Colorado’s New Rule Requires Remote Sellers to Report Use Tax
Beginning July 1, 2017, any company selling into Colorado that is not registered to collect sales tax will be required to report its customer’s activity or potentially be subject to penalties.
The use tax notice and reporting requirements come on the heels of the Supreme Court deciding not to hear Direct Marketing Association v Brohl, which challenged the use tax notification requirements imposed by Colorado on the grounds that it unconstitutionally discriminated against out-of-state retailers. After many years of litigation in both the federal and state courts, the Tenth Circuit ultimately sided with Colorado and held the statute constitutional. In December, 2016, the Supreme Court of the United States denied hearing the case, resulting in Colorado now being able to enforce the statute.
Many states have already passed similar "remote seller” legislation that imposes notice and reporting duties or economic nexus provisions that require registration once a business reaches a transaction threshold or volume of sales to customers within the state.
What is a notice and reporting law?
Notice and reporting laws are imposed on remote sellers, typically defined as sellers who are not required to collect state sales tax because they lack a physical presence in the state. The use tax notice and reporting laws require remote sellers to provide the buyer, the state, or both, with information about use taxes. These requirements can be onerous, and some states impose substantial penalties for noncompliance. To date, Kentucky, Louisiana, Oklahoma, South Dakota, Texas and Vermont have also passed similar type of notification requirements.
How do these laws work? Unfortunately, the mechanics vary by state. Colorado in particular has one of the more robust notice and reporting laws. Beginning July 1, 2017, remote sellers that have over $100,000 of sales to Colorado customers and do not collect sales tax must:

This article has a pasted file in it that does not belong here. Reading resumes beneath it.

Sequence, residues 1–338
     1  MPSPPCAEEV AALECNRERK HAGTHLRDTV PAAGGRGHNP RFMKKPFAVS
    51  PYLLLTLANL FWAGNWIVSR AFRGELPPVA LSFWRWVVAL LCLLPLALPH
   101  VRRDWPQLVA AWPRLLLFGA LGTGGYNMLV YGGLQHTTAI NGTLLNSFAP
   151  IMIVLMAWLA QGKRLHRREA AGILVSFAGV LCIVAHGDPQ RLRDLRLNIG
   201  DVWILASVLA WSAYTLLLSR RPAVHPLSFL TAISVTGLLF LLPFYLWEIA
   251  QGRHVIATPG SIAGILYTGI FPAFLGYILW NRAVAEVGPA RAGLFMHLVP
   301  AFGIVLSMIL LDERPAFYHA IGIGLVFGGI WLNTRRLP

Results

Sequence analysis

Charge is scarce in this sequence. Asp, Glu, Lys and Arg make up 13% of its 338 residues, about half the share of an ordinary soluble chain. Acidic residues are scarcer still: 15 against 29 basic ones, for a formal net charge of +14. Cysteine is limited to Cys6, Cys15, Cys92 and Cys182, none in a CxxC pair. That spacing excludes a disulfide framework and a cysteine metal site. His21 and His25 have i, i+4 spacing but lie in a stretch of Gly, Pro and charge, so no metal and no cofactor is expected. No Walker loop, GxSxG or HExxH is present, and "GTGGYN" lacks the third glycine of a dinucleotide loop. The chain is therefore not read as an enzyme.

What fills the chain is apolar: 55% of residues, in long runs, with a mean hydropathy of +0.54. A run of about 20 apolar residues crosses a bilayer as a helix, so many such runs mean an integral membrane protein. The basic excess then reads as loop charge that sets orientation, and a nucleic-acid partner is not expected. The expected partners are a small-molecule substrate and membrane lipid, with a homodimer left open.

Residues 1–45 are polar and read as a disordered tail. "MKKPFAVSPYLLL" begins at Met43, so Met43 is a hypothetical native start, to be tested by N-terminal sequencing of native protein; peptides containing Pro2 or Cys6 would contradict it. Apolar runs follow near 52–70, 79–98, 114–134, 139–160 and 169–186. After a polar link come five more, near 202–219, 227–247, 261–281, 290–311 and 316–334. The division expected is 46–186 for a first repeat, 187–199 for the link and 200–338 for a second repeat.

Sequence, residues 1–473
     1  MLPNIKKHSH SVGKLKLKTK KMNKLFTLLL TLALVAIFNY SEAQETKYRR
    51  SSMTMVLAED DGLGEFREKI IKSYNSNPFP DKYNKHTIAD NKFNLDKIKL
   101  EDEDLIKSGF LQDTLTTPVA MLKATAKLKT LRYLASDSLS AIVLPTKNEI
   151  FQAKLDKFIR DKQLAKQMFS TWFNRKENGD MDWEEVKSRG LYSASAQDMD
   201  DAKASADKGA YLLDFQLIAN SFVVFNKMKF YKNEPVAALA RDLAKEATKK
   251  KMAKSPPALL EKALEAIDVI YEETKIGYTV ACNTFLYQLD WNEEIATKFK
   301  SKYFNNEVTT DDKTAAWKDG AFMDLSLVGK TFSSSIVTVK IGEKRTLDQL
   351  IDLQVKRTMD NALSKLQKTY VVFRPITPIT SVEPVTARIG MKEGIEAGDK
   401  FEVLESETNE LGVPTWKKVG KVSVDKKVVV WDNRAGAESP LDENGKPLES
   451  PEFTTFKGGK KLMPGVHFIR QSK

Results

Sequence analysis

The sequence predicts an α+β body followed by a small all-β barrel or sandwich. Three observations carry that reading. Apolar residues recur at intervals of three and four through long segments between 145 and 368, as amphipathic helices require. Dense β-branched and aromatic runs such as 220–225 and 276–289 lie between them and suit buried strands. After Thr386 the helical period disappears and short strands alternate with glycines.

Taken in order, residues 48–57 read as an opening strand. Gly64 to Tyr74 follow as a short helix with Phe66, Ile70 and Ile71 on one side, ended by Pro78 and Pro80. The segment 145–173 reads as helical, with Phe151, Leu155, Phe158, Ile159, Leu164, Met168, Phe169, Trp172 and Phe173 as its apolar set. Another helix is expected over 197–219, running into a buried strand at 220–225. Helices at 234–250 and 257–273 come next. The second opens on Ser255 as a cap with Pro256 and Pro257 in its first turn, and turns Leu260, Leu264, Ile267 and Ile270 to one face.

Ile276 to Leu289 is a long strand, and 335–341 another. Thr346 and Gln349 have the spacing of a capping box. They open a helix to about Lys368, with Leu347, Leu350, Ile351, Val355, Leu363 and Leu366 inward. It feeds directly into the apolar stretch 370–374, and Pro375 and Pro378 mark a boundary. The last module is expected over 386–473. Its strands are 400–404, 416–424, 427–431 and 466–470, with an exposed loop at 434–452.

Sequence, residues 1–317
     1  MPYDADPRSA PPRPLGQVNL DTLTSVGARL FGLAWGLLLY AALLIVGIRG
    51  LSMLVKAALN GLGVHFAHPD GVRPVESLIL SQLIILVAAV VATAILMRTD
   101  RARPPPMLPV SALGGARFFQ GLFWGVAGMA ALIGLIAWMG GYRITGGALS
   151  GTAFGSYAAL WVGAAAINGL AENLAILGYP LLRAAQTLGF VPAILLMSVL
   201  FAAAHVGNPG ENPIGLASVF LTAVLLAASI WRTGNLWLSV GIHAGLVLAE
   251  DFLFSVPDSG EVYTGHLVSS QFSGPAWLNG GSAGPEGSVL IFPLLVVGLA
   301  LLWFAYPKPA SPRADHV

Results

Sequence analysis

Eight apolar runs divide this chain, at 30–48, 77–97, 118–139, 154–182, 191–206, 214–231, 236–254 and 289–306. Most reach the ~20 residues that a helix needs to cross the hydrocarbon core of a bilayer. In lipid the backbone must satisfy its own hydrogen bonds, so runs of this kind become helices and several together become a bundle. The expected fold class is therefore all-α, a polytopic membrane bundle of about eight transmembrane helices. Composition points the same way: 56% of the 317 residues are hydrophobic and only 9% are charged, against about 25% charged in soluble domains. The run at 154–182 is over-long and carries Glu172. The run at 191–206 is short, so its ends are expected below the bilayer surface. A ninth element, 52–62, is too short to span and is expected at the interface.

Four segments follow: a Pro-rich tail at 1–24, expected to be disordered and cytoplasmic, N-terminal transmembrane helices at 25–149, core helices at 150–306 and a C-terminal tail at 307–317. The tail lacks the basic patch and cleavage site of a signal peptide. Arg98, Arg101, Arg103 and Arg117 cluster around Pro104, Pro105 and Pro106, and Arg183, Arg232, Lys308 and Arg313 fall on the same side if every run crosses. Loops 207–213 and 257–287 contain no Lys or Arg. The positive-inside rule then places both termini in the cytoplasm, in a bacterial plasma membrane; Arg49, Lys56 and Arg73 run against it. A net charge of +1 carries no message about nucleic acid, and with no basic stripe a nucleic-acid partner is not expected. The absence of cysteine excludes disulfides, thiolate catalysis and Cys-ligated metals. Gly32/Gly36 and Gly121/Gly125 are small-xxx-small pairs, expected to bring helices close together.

- Notify their Colorado customers of the customers’ obligation to pay Colorado use tax. This notice must be provided to each customer at the time of purchase (typically on the invoice) and must contain specific language. There is a $5 penalty per transaction where notice was not given with a maximum annual penalty of $25,000.
- Beginning January 31, 2018, remote sellers that do not collect sales tax must provide an annual summary by January 31 each year of spending to Colorado customers that spend more than $500 with the retailer. There is a penalty of $10 per failure to give this notice with a maximum annual penalty of $50,000.
- Beginning March 1, 2018, if a seller has more than $100,000 of gross annual sales in Colorado, the remote retailer must provide the Colorado Department of Revenue (CDR) with a report that includes the customer’s name, address, and total purchases by March 1 each year. If the noncollecting retailer fails to provide the proper notice, it will be penalized $10 times the number of Colorado purchasers that should have been included in the report with a maximum annual penalty of $50,000. 1
Based on these provisions, companies could pay up to $125,000 in penalties in a single year even though they have no physical presence in Colorado.
Example: A remote retailer roasting coffee and selling it to Colorado customers
What are the potential costs of failing to comply with the Colorado reporting law? Consider the example of a coffee company that roasts coffee at a Minneapolis location and sells to customers across the country. The coffee business has no physical presence outside of Minnesota. Its only connection to Colorado is the Colorado residents who go to the company’s website and purchase coffee. The coffee is then roasted in Minnesota and shipped to Colorado.